Needles and other debris were found on a mile-long stretch of Avalon beach within 12 hours.
McFarland was charged on Thursday night, Milgram said.
Markings on the wrapper for a dental-drill bit and the labels on the needles pointed investigators toward McFarland even before he turned himself in, Milgram said.
McFarland was charged with illegally disposing of a pollutant and medical waste, including more than 300 Accuject-brand needles, 180 cotton swabs, capsules holding dental-filling material, and other items. Each charge carries a sentence of up to five years in prison and fines that could total $125,000.
"Many people who live or vacation at the Jersey Shore could not enjoy one of New Jersey's most precious natural resources" because of McFarland's act, Milgram said.
Avalon beaches were closed five days as waste washed ashore between Aug. 23 and Tuesday. McFarland, who goes by the name Tim, owns a home in the nearby Avalon Manor section of Middle Township. His dental practice is in his residence on the 300 block of Penn Road in the Lower Merion neighborhood.
Milgram said McFarland's action was an isolated incident unrelated to the syringes and debris found on beaches in seven other Shore towns, including Atlantic City, Ocean City and Brigantine. She said the findings there might be the result of copycats or normal debris spotted due to increased awareness by beachgoers after the Avalon discoveries.
Milgram would not discuss McFarland's motive or his whereabouts, or comment on published reports that the dentist was undergoing medical treatment.
A spokeswoman for Wildwood lawyer Joseph Rodgers, who is representing McFarland, said Rodgers had no comment.
In saying that McFarland acted alone, Milgram attempted to calm concerns about safety at the Shore, which thrives on tourism and whose residents are protective of the environment.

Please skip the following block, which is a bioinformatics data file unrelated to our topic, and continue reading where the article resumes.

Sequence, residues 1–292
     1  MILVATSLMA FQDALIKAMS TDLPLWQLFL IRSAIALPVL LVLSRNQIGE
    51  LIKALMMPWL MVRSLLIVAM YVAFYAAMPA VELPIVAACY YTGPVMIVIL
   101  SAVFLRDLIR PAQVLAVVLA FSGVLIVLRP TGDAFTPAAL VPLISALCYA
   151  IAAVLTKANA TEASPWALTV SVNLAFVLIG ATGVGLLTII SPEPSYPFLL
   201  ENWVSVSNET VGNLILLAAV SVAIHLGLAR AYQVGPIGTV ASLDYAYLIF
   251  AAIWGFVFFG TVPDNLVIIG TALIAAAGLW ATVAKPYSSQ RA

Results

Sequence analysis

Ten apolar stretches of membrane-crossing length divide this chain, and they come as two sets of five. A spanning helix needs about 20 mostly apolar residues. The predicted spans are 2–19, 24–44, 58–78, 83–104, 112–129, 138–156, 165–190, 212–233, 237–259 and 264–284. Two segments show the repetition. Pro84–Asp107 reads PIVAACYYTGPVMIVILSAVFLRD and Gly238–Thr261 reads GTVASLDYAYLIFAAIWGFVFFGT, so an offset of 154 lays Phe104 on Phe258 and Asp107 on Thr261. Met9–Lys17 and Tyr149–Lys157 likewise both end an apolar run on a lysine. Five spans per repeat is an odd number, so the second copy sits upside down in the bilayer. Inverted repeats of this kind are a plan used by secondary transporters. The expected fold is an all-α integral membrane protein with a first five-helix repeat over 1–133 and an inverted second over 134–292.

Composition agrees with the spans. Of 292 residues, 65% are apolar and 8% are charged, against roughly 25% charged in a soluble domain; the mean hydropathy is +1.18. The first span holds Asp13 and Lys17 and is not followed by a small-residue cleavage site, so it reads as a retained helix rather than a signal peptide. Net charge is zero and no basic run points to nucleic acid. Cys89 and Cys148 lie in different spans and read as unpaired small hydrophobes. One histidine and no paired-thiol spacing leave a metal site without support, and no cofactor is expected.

"I want everyone to understand that New Jersey's beaches are clean and safe and that this is an isolated incident," Milgram said.
Shore officials and business groups said they believed the recent events would not have a lasting negative impact on tourism because the most significant medical debris had been traced to one person.
"I think people understand that this has been an individual or individuals that have caused this pollution. It's not a policy issue, it's not any lack of responsibilities on behalf of municipalities here in Cape May County or any part of the state," said Vicki Clark, president of the Cape May County Chamber of Commerce, which represents more than 950 businesses.
Avalon Mayor Martin Pagliughi was pleased that the investigation concluded quickly. He recalls the late 1980s, when waste washed up on the Jersey Shore and became fodder for late-night television jokes.
"We're glad it was cleared up, that it was a specific, localized event," Palughi said.
A wrapper and needle labels helped investigators confirm that McFarland was responsible for the dumping. Detective Steven Ogulin of the Attorney General's Office tracked a wrapper for a small dental-drill bit found among the Avalon debris to a Georgia company, Microcopy.
According to Ogulin's affidavit, Microcopy sold the bit to very few customers in this part of the country. McFarland was on its list.
Another company identified McFarland as a consumer of the 27-gauge dental needles that washed ashore.
Milgram, who said McFarland may have turned himself in when he realized investigators were closing in, attributed the findings to "great work" by several law enforcement agencies working together.
She said searches of McFarland's homes turned up evidence that linked him to the dumping, but she would not say what was discovered.
Avalon Police Chief David Dean compared the search for the source of the needles to the movie Jaws, in which a giant shark terrorizes a New England vacation town.
"I could not be happier. I feel like Chief Brody when he got the shark," Dean said.
The Pennsylvania Board of Dentistry has no record of any disciplinary actions against McFarland, according to Leslie Amoros, press secretary for the Department of State, which oversees such boards.
His license is in good standing, she added.
Milgram said syringes found on other beaches were the kind that can be used at home. Though they were improperly disposed of, they are not subject to the same regulations as waste from medical offices.
Materials have also been found in Atlantic City, Brigantine, Ocean City, Sea Isle City, Stone Harbor, Cape May, and Strathmere in Upper Township.
More than 100 unused, individually wrapped hypodermic needles were found under Atlantic City's Steel Pier on Wednesday.
State Sen. Jim Whelan (D., Atlantic) said in an interview Thursday that investigators believe those needles were likely deposited on the beach, not dumped at sea. He said the waters on Wednesday were particularly rough and that if the needles had been in the ocean, they would have spread out over a wider distance rather than the 150-foot area in which they were found.
He said the incident may have been the work of an imitator.
Contact staff writer Jonathan Tamari at 609-989-9016 or email@example.com.
Inquirer staff writers Mario F. Cattabiani, Jennifer Lin and Derrick Nunnally contributed to this article.